I pretty much knew this already, but rolling out the dough using a rolling pin is criminal as well! I always had trouble really stretching the dough to achieve my desired size without rolling it. This recipe has very specific instructions regarding stretching the dough- which worked PERFECTLY! No more rolling pin for me! 🙂

This dough was more labor intensive and had to be planned in advance as the crust is made at least 24 hours in advance, but it was very tender and tasty! This recipe was adapted from Roberta’s Cookbook by Carlo Mirarchi, Brandon Hoy, Chris Parachini, and Katherine Wheelock, of Roberta’s in Brooklyn, NY.

Yield: Makes 2 rounds of dough, enough for 2 (12-inch) pizzas

  • 153 grams (1 1/4 cups) 00 Flour
  • 153 grams (1 1/4 cups) King Arthur All-Purpose Flour
  • 8 grams (scant 2 teaspoons) fine sea salt
  • 2 grams (scant 1/2 teaspoon) active dry yeast OR 4 grams (scant 1 teaspoon) fresh yeast
  • 4 grams (scant 1 teaspoon) good olive oil
  • 202 grams (1 cup minus 1 T) lukewarm water

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To Make the Dough:

  1. In a bowl, thoroughly combine the flours and salt; make a well in the center.
  2. In a separate bowl, thoroughly combine the yeast, olive oil, and lukewarm water.
  3. Pour the wet mixture into the well in the dry mixture and begin mixing the two together with your hands, gradually incorporating the dry into the wet. This process will be more like mixing than kneading.
  4. After about 3 minutes, when the wet and dry are well combined, set the mixture aside and let it rest, uncovered, for 15 minutes. This allows time for the flour to absorb the moisture.
  5. Flour your hands and the work surface. Gently but firmly knead the mixture on the work surface for about 3 minutes. Reflour your hands and the surface as necessary. The dough will be nice and sticky, but after a few minutes of kneading it should come together into a smooth mass.
  6. Divide the dough into 2 pieces, shape them gently into balls, and wrap them tightly in plastic wrap. Refrigerate the dough for at least 24 and up to 48 hours before using. This process, called proofing, allows for the fermentation that gives the dough structure- which results in a chewy, pliable crust with great flavor.

To Make the Pizza:

  1. Preheat the oven to the highest temperature, ideally at least 500 degrees F. (My oven has a “Stone” setting as well.) Place a pizza stone on the lowest rack of the oven, if set to “Stone”, otherwise place a pizza stone on the center rack of the oven. Let the oven heat for 1 hour.
  2. Remove the dough from the refrigerator and let it come to room temperature.
  3. Lightly flour your hands and the work surface.
  4. Using your fingertips, push down any bubbles in the dough. Then use your fingertips to push down on the round of dough, from the center out to the perimeter, to encourage it to spread out.   Notes: Don’t push the dough out- any pushing or pulling you do to it will cause it to toughen, which is something to keep in mind throughout this process. Be gentle with the dough. If you push it too hard or over stretch it, you can’t just re-form it into a ball and reshape it. It will become stiff and hard to work with and you’ll have to toss it out and use a new ball of dough. So take your time. spend a minute or two gently flattening the dough ball into a disc shape before you move on to the next step. The goal is a round 12-inches in diameter, no less than 1/8-inch thick in the center. The edges should be slightly thicker than the center. (It will be thicker than pizzeria pizza dough because it will cook at a lower temperature for longer.)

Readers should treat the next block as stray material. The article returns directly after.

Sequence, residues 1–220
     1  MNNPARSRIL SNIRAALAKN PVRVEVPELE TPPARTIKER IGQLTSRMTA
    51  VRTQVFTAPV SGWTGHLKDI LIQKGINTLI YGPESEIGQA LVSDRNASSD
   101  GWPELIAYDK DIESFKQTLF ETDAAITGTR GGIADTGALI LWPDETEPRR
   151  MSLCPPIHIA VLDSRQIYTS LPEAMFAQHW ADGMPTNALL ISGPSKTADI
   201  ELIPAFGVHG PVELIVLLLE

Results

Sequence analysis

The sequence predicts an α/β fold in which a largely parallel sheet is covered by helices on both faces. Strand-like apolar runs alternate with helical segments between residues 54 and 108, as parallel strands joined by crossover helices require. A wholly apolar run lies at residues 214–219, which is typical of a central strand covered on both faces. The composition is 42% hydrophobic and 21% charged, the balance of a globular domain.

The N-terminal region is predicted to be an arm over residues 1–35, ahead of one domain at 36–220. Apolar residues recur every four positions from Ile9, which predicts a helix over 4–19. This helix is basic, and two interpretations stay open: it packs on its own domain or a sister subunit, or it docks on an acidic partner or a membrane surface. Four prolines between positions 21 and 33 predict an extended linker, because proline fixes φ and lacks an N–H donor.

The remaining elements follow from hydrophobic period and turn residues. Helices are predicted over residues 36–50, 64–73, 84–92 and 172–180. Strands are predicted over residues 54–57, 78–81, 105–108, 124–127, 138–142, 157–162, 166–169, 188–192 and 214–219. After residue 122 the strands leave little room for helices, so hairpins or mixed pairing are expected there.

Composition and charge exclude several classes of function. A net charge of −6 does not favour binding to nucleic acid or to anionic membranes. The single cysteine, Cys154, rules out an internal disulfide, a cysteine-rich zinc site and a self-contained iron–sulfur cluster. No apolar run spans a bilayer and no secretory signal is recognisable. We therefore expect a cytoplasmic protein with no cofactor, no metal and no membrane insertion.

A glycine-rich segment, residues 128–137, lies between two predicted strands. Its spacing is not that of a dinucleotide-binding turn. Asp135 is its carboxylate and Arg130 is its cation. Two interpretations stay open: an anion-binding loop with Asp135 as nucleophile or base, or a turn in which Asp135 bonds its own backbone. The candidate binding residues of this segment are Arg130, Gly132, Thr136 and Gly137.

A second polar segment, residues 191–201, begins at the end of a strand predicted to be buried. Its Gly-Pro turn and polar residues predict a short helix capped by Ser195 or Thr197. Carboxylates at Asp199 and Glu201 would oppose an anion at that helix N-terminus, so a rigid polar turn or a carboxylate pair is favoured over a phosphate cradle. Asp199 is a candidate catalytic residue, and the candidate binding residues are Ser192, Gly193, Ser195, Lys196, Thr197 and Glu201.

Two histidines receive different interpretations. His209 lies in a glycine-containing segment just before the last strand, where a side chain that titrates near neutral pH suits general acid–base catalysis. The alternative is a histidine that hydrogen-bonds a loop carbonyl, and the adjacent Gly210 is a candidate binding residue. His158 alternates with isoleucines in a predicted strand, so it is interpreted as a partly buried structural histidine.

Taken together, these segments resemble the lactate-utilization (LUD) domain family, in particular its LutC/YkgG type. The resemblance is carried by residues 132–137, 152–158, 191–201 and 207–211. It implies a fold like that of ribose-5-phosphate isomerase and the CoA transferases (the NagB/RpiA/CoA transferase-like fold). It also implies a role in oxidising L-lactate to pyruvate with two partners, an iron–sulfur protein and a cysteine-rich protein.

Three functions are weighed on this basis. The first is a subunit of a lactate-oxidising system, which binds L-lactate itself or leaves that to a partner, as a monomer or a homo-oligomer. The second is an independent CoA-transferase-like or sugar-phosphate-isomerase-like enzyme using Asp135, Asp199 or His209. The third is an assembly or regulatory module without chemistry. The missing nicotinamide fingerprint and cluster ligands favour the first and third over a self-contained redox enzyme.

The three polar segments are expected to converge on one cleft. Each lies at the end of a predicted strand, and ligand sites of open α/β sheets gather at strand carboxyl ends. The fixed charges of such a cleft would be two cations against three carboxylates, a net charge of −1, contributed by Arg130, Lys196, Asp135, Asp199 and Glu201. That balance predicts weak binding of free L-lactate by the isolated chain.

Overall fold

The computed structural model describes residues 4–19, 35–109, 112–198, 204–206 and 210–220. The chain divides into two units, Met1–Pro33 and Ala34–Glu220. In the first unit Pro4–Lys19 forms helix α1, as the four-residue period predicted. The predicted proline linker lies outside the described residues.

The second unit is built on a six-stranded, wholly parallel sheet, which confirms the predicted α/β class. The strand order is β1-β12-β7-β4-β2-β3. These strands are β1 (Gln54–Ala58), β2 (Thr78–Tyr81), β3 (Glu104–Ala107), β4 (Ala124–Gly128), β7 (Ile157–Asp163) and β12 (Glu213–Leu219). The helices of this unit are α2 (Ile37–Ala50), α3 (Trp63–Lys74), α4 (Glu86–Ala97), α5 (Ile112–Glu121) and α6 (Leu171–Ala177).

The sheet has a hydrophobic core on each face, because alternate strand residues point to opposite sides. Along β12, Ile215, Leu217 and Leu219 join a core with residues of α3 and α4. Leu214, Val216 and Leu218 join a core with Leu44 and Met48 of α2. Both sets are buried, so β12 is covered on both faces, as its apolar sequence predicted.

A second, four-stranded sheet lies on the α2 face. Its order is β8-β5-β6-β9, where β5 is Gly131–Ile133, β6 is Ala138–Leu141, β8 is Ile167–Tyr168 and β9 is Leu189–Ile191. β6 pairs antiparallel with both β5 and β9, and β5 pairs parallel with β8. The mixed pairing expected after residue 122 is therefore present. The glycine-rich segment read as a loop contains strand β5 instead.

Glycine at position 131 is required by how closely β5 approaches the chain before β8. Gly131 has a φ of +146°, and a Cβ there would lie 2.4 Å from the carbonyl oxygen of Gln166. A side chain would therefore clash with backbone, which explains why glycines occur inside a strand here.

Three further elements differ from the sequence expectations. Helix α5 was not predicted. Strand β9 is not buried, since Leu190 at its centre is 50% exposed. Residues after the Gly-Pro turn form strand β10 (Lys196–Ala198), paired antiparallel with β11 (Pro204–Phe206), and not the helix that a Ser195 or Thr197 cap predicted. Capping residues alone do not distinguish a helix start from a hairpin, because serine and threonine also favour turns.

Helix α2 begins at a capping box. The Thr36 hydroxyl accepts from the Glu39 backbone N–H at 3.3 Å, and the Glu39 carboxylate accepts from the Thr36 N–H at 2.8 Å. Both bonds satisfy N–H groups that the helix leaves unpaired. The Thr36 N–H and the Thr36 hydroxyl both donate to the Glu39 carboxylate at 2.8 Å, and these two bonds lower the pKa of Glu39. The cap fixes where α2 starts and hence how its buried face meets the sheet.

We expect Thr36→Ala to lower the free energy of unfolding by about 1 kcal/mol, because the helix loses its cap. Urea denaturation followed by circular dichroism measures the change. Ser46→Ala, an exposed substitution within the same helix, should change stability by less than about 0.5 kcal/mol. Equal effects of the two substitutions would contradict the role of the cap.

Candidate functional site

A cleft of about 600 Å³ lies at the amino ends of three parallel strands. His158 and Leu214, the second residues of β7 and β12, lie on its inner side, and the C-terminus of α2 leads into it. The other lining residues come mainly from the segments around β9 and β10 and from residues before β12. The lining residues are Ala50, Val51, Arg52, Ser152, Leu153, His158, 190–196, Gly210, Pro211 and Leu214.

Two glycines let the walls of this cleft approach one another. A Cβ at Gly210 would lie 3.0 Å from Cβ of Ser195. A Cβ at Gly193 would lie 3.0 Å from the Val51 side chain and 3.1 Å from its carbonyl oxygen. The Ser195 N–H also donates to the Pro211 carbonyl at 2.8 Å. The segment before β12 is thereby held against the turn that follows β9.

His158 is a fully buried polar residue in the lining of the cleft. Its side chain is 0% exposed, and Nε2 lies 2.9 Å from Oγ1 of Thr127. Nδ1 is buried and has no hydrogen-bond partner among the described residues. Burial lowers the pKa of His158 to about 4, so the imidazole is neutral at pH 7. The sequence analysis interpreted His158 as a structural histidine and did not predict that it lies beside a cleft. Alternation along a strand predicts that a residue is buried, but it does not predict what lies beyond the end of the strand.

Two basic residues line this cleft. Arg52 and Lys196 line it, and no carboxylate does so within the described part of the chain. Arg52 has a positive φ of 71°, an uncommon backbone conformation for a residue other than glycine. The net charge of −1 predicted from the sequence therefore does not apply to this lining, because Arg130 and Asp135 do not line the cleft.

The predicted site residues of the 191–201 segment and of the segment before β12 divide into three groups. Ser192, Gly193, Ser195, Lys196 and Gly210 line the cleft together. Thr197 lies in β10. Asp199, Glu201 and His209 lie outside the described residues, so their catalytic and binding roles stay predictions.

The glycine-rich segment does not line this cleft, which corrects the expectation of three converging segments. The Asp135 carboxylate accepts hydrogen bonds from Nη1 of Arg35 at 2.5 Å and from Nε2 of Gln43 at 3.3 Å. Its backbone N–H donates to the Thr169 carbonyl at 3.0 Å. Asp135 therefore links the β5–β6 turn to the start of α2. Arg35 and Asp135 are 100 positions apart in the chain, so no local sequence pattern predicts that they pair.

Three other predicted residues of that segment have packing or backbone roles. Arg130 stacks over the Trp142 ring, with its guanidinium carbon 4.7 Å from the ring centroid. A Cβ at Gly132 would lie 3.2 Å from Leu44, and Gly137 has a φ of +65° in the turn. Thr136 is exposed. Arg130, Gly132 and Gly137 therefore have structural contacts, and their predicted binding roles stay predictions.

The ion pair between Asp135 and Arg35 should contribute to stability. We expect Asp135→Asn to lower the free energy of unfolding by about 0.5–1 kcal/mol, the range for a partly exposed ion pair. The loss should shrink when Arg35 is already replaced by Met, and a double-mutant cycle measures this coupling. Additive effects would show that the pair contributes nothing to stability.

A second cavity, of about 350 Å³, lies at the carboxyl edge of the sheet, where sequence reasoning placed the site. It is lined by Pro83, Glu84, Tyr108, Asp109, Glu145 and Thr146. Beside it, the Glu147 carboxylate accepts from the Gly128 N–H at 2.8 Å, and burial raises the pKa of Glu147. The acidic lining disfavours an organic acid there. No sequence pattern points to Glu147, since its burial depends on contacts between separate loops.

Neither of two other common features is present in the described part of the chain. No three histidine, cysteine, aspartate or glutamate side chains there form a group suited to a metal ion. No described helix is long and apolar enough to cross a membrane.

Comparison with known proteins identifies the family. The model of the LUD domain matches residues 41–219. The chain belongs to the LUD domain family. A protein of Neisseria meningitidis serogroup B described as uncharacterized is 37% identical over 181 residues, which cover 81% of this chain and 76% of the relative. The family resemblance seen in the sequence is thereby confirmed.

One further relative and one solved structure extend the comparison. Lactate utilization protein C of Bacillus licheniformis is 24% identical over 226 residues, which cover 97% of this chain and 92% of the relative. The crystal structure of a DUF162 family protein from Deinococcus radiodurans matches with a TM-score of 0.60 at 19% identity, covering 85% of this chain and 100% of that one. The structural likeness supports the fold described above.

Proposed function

5. Now the dough is ready to be “Slapped Out” (another term for letting the crust form itself). It lets gravity do the stretching and shaping of the dough. Pick up your disc of dough and hold your hands parallel to the floor. Then squeeze your fingers together and curve them so that your hands are like paddles. Drape the dough over one hand and flip it over to the other hand in a smooth motion. Continue moving the dough slowly back and forth, rotating it 90 degrees every few seconds so that you end up with a circle. It will start to stretch. After 1 to 2 minutes, you should have a round of dough that’s about 12 inches in diameter.
  6. Transfer it to a floured (I use cornmeal) pizza peel- preferably a metal one- and gently push out any edges that need pushing to make a better looking circle.
  7. Top the dough immediately after transferring it to the peel so that it doesn’t start to stick, and pop it in the oven the moment it’s topped; it will get soggy otherwise.
  8. Carefully slide the topped pizza onto the stone and bake it for 5 to 7 minutes (watch closely!), until the crust is bubbling up and beginning to turn golden.
  9. Turn on the broiler and broil the pizza for 1 to 2 minutes, checking to make sure the cheese doesn’t get too brown, until the crust is golden and starts to char in a few places.